"The effects of state presence on urban crime and state legitimacy: Experimental evidence from policing and municipal services in Bogotá"
Christopher Blattman, Professor in the Harris School of Public Policy at the University of Chicago, will present "The effects of state presence on urban crime and state legitimacy: Experimental evidence from policing and municipal services in Bogotá" on Tuesday, December 6 from 1:30-3:30pm in room 437, Arps Hall.
Christopher and co-authors Donald Green (Columbia University), Daniel Ortega (CAF), and Santiago Tobón (Universidad de los Andes), worked with the City of Bogotá to study the effects of intensifying state presence on violence and perceptions of the state on the most violent city streets. States commonly use a mix of intensified armed force and public services to pacify violent areas and build legitimacy, in situations ranging from inner city policing to counterinsurgency. This is a particularly common and celebrated approach in high crime areas of US cities. While backed by evidence from randomized trials, these trials have been largely US-based and also fairly small in scale. Besides questions of statistical power, this raises the question of whether these policing and state building strategies work at scale, and also whether they have positive or negative externalities for surrounding areas. To investigate, we worked with the Mayor’s office and police in Bogotá to identify the 2% (or 1,919) highest-crime streets, or "hot spots”, and assigned these streets to either: a two-thirds increase in police presence for 8 months; basic municipal services (e.g. cleanup and lighting); both interventions; or neither. Since violence could simply be displaced, we structured the design to be able to estimate spatial spillovers within several radii. We find weak evidence of a 5-10% reduction in crime and violence, with no evidence of displacement to neighboring streets. These impacts seem to be greatest when the treatment is most intense, when streets receive both the policing and municipal services interventions, especially in the first weeks of the intervention, and in the highest crime streets. Even then the results are somewhat fragile and have low statistical power. We also see no evidence of an improvement in attitudes towards the police or city government. The results suggest that intensive, highly targeted, shorter term rotating interventions are promising, but that the existing literature may overstate the benefits of intensive policing for reducing violence and increasing state legitimacy.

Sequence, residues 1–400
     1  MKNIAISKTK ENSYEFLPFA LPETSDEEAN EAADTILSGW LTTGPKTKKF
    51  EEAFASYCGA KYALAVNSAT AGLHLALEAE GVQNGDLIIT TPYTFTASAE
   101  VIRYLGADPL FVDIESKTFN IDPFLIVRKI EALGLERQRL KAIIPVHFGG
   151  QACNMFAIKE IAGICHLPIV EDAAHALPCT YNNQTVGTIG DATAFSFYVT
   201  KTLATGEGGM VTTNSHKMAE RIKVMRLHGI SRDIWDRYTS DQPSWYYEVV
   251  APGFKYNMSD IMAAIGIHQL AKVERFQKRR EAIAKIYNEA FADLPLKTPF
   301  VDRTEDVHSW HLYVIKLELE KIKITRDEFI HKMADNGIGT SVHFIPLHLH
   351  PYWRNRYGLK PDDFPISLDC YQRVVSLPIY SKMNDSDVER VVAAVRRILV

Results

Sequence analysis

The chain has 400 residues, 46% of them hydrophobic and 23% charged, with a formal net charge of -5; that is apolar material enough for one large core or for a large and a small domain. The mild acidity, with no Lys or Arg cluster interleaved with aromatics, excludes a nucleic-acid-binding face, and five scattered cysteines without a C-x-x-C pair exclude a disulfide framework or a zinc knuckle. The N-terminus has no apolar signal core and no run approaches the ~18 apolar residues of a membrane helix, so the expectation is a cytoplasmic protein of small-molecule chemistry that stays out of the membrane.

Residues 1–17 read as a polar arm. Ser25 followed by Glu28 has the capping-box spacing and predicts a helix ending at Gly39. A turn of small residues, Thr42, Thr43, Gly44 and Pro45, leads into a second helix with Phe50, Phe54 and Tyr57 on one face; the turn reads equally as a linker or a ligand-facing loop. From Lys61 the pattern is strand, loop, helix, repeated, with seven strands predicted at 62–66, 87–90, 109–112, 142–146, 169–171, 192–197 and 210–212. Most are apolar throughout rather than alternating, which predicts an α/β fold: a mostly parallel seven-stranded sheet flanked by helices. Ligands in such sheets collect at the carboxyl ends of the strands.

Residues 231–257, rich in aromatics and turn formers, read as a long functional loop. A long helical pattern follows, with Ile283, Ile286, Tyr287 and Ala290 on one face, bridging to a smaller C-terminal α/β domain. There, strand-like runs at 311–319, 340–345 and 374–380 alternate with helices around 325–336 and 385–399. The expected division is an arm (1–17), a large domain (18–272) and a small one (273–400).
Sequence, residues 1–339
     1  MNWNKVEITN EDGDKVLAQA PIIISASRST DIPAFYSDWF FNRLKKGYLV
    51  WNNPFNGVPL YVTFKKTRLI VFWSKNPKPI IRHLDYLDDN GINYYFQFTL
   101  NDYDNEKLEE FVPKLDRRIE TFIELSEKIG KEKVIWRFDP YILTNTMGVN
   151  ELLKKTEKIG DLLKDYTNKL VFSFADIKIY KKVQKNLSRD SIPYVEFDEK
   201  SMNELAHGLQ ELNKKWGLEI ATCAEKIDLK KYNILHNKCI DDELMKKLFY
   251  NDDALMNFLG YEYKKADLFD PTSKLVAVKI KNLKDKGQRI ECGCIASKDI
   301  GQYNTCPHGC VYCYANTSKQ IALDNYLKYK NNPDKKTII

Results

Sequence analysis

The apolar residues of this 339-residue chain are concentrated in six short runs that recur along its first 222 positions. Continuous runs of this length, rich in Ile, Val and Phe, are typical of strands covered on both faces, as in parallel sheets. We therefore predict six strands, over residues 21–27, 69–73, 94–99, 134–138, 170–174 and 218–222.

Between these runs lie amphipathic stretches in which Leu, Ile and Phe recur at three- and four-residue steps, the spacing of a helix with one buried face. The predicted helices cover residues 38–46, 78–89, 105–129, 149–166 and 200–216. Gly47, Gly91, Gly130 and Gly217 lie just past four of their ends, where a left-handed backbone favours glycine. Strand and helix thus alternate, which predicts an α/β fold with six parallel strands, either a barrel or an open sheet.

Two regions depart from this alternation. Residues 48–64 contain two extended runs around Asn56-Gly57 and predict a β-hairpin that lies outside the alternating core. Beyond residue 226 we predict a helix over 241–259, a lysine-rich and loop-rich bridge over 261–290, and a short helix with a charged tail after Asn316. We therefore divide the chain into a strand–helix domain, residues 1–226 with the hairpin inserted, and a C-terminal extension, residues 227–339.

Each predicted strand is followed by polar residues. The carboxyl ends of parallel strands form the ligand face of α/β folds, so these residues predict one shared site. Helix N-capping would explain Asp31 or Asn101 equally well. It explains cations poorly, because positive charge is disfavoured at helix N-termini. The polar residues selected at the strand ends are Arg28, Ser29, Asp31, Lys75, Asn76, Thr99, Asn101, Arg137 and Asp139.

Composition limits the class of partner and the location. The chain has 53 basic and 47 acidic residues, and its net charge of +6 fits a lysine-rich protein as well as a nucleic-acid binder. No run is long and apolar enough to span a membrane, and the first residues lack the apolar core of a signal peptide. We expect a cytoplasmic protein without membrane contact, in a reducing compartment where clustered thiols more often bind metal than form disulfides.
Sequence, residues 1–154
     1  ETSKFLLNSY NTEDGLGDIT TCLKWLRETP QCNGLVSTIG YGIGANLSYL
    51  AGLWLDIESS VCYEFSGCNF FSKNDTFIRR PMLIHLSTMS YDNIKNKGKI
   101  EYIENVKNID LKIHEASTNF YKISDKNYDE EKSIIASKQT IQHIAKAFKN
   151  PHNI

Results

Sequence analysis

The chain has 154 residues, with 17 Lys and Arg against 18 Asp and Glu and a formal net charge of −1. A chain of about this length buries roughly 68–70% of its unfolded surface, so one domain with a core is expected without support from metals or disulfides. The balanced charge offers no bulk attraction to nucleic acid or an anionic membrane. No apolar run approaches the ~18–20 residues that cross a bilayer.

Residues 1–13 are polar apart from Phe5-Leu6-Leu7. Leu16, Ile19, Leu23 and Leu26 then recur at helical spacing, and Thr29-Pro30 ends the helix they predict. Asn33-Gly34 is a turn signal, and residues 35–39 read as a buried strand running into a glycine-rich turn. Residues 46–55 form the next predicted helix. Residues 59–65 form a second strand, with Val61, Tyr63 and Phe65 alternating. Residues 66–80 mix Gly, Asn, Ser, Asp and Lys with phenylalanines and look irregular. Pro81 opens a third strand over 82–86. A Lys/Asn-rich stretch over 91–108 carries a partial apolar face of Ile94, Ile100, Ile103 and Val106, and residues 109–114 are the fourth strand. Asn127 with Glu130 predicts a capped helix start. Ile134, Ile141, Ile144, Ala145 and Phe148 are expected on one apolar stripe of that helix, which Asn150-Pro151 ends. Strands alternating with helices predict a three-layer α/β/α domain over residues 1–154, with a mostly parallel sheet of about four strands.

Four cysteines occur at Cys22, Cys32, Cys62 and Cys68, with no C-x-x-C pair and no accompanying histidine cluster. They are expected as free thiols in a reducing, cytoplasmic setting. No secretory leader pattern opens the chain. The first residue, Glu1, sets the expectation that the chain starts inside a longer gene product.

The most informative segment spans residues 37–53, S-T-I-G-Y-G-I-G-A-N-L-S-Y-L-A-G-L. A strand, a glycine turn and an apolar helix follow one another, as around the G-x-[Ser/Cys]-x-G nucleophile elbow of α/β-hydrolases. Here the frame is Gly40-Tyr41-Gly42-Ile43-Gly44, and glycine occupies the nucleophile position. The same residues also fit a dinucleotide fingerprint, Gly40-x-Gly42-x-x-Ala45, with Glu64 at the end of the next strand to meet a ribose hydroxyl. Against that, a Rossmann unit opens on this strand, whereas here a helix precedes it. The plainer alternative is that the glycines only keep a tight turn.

This seminar is co-hosted by the Department of Agricultural, Environmental, and Development Economics, the Department of Economics, and the Department of Political Science.